Originally written on Orlando Magic Daily  |  Last updated 11/13/14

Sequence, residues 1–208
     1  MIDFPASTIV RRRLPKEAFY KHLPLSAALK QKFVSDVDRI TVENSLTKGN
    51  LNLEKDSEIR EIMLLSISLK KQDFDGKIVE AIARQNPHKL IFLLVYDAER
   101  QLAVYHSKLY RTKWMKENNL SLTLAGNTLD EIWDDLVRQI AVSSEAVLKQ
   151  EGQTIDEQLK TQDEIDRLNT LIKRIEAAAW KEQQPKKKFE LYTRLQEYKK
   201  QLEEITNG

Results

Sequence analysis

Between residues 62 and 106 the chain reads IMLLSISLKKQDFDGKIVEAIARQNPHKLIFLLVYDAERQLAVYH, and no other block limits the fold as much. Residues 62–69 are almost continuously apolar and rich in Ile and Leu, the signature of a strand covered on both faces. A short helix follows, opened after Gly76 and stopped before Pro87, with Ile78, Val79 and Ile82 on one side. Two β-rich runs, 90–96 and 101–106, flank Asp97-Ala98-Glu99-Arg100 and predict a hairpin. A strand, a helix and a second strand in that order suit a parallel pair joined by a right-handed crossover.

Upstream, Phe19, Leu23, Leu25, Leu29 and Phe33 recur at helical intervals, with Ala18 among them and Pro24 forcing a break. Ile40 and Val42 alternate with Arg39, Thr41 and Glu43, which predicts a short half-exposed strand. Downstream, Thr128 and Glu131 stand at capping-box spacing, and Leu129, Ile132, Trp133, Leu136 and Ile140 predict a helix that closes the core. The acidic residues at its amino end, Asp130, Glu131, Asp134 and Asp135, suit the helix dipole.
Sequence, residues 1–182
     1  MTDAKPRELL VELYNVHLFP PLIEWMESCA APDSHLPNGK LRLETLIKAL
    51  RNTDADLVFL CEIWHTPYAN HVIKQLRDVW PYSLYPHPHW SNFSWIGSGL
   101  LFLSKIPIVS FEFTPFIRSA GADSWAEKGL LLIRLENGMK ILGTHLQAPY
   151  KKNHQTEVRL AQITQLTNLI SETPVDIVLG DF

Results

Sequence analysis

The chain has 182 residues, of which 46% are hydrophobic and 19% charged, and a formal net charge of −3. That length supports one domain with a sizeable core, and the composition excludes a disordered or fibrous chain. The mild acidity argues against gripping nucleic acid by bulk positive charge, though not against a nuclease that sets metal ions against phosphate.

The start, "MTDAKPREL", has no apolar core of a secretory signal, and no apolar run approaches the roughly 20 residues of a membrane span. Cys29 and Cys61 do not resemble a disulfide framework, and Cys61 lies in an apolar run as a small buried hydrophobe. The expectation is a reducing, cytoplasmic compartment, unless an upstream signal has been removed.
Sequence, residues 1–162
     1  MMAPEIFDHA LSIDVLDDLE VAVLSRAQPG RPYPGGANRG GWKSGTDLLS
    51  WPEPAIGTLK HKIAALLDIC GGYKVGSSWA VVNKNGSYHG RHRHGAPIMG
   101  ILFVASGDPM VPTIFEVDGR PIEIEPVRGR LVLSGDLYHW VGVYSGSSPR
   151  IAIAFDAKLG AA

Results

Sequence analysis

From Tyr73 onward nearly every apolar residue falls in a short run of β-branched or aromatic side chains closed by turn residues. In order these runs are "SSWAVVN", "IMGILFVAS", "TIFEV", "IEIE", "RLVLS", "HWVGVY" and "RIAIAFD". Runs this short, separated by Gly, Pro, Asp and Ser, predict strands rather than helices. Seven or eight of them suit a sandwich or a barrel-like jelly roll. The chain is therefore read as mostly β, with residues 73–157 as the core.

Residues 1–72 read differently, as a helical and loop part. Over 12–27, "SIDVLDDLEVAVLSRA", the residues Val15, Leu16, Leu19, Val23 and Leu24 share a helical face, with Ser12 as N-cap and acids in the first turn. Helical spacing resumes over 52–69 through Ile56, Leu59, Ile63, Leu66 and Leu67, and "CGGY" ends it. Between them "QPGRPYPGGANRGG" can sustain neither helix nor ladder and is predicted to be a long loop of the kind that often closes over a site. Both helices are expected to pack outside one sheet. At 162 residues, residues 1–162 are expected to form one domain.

Two stretches of the game have come to define the Magic in recent weeks -- the start of the two halves. No matter how the Magic want to cut it, they are not winning these two parts and are finding themselves in a hole that is becoming increasingly difficult to climb out of. After seeing a three-point deficit with 2:20 to play in the first half grow to 12 thanks to some brilliant teamwork from this new-look Atlanta squad, Orlando continued to lay an egg with the starters in, unable to cut into the deficit until Atlanta stretched the lead out to 19 with 8:14 left. From there the uphill climb that started with a 16-2 run right out of the gates led to a frustrating evening for a Magic team that still seemed so close, yet so far in games like these. The Magic had the lead down to eight at several times in the fourth quarter, but the Hawks seemed to have an answer or a stop to slow down the Magic's momentum in an 86-80 win at Amway Center on Wednesday. It seemed all of Orlando's momentum in a 3-2 road trip came to a screeching halt as the team struggled to score and did not do enough to get the win, but did just enough to keep things relatively interesting if they could find that spark for a short while.   Score Off. Rtg. eFG% O.Reb.% TO% FTR Atlanta 86 92.4 47.5 21.6 13.9 20.0 Orlando 80 87.1 42.6 22.2 15.7 13.6 The frustration was visible early in the third quarter when Jacque Vaughn called a timeout with 8:16 left in the quarter and Orlando down 17 points. Vaughn subbed out all five players on the floor (Orlando's starting lineup) and left Glen Davis visibly upset on the floor, assumedly yelling at himself for his poor play. "[The starts are] killing us. It’s killing us," Glen Davis said. "As captain, I take it upon myself in situations like this to get us going. I am thinking about the last five games and the things we have been doing, I don’t remember the last time we’ve been down like that. I think about how I played. I wasn’t here today. Point blank. Didn’t show up today." Davis finished the game with 10 points and seven rebounds, but shot 2 for 11 from the floor and struggled to defend Josh Smith (16 points, 11 rebounds, five blocks) and even Zaza Pachulia at times (seven points, nine rebounds). It was not Davis' finest moment in a Magic uniform. And his showing of frustration on the bench was not directed at anyone (it seemed) and more directed at himself. The frustration he showed in that moment was certainly symbolic of the frustration the Magic had throughout the game. The five subs did provide some spark. While Jacque Vaughn said he was not sending a message, instead opting to put out the five players who would give the team the best chance to come back in the clichest terms, the message might have been received anyway as the Magic's starters came back in and brought the lead into single digits and got the game back to 12. Orlando lost no ground in the third quarter. That still left the game there for the taking in the fourth quarter if they could just get a shot to go down. The Magic did not do enough of that even though they found the bottom of the net in making 10 of 20 shots. Six turnovers, and 11 fourth-quarter points off those six turnovers, may have eventually done the Magic in for this one. Orlando's turnovers, like it did against Atlanta in the first meeting, did this team. The Hawks scored 24 points off the Magic's 16 turnovers. A number that was certainly too high for this team's liking, particularly with Atlanta generally doing a good job closing down passing lanes to cutters and recovering quickly to contest shots. "Obviously the most glaring opportunities came at the end of the half when it was a four-point game and you’re going to the half down 12 instead of four," Arron Afflalo said. "That makes it an entirely different game and an entirely difference comfort zone for them. I honestly don’t think they felt any discomfort tonight. I didn’t get that feeling from them. Can’t discredit them for having that attitude. Next game will be different, not speaking about the outcome but the way we play." That late second quarter run that stretched the lead from three to 12 included two turnovers that led to runouts and easy points. The first on a E'Twaun Moore pass intercepted by Jeff Teague for an easy layup. And the second on a bad Gustavo Ayon pass that led to a clear path for Josh Smith. Frankly, after those two plays on Orlando's deficit should have been larger. And it felt like the deficit should have been much bigger throughout the first half than it actually was. So, again, Orlando was allowed to hang in the game but could never get over the hump. The Hawks were not world beaters in the second half -- the Magic were +6 in the first half and ended the first quarter only down 20-15 actually -- this game literally came down to the hill the Magic had to climb to stay competitive. The hole and the desperation the Magic had to play with cost them too much. And left them having to play perfect to make up for it. In games that come down to making shots -- Orlando shot 38.3 percent while Atlanta shot 43.8 percent, making only four more field goals in one less attempt (8 points, in other words) -- those mistakes prove extremely costly. "We’ve been down a lot in every first quarter at least," Jameer Nelson said struggling to put a finger on where things are going wrong at the beginning of games. "It’s been a hole for us. You exert so much energy doing that. I can’t put my finger on it. I guess we’ll have to watch film and figure it out."
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